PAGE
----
The National Assembly Presiding Officer has written a long essay for today's Western Mail about how the constitutional arrangements, under the Second Government of Wales Act, are working out in practise. Its a good essay, and its a pity that I can't find the story on the web pages to provide a link. His Lordship seems terribly pleased that the first Legislative Competence Order has been approved by the Queen and the National Assembly is now able to pass new laws (or measures) in the specific subject area included in the LCO. There is no doubt in this reader's mind that he is in no hurry whatsoever to hold the referendum on law making powers. This was also the tone of his public rebuttal of Archbishop Barry Morgan's controversial radio comments about devolution yesterday. He is busy softening up his party's activists, by making out that everything is tootling along at an acceptable pace, and that the LCO process will deliver a law making capacity to the National Assembly at an adaquate pace - without the need for a referendum, in the short term anyway.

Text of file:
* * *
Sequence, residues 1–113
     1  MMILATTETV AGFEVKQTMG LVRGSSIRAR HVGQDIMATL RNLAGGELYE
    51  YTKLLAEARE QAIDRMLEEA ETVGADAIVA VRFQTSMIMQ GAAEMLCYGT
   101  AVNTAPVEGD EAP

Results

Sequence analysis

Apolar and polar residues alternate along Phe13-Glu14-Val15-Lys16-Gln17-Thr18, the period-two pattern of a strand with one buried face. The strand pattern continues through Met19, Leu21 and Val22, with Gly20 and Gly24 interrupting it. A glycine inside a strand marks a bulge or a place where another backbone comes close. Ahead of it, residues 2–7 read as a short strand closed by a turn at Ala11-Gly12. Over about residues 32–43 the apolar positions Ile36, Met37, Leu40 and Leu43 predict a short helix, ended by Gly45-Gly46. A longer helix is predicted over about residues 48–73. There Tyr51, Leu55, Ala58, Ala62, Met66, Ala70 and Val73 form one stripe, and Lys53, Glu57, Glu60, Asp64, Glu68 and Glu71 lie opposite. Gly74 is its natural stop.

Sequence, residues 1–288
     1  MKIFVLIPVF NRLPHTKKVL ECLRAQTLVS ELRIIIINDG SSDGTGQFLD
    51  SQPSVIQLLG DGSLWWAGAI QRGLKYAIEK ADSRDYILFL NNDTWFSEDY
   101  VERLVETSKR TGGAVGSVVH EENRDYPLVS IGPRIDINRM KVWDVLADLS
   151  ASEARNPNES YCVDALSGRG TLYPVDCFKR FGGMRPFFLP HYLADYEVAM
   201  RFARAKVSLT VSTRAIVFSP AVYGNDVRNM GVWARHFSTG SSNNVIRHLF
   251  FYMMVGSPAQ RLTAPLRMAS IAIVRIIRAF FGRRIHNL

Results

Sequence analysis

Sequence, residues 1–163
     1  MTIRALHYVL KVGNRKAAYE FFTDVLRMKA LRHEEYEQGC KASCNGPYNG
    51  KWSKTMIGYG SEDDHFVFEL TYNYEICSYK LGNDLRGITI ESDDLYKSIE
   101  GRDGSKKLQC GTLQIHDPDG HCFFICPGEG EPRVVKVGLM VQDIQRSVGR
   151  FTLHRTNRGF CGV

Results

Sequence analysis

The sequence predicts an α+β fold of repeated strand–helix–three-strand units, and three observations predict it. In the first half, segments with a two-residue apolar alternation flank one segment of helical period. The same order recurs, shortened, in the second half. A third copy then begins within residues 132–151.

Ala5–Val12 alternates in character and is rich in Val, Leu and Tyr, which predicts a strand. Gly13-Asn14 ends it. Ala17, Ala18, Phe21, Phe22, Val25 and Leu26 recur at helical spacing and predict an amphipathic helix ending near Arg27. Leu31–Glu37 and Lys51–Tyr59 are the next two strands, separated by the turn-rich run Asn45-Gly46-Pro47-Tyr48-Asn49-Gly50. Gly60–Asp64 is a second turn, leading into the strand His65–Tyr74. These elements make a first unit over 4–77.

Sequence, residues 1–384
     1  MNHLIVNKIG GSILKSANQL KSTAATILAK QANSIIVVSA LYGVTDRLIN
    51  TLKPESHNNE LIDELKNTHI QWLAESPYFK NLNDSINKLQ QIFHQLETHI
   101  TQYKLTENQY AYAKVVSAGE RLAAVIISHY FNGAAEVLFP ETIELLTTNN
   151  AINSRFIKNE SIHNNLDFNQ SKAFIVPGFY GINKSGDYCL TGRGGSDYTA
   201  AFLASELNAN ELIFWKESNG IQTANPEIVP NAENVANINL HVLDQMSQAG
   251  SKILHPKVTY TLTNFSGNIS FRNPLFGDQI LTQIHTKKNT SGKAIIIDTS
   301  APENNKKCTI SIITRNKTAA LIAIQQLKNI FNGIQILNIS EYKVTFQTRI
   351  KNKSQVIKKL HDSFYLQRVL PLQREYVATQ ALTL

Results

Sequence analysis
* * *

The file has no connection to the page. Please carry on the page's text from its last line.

The only part of the essay I disagree with is the assertion that the LCO system is not complex. The Presiding Officer's view seems to be that since Westminster processes are always hugely complex, its OK if the LCO process is the same. I always hesitate before disagreeing with the PO, and I know he gets terribly crouesty whenever anyone challenges his view on this. But my concern is that only a tiny proportion of the population have the slightest clue clue about what is happening, or even that law making power is currently being transferred. And this is not healthy in a democracy. Anyway, what he says suits me fine. I have accepted that there will not be a referendum on law making powers before 2011, and that the best we can hope for is sometime between 2011 - 2015. Lord Elis Thomas must do what he must do to keep onside his Party's activists (who voted for the Coalition with Labour only because of the early referendum). What matters to those of us who believe that the most sensible and stable constitutional settlement is where law making power is vested in the Assembly in respect of all devolved issues, is for the current LCO system to work effectively.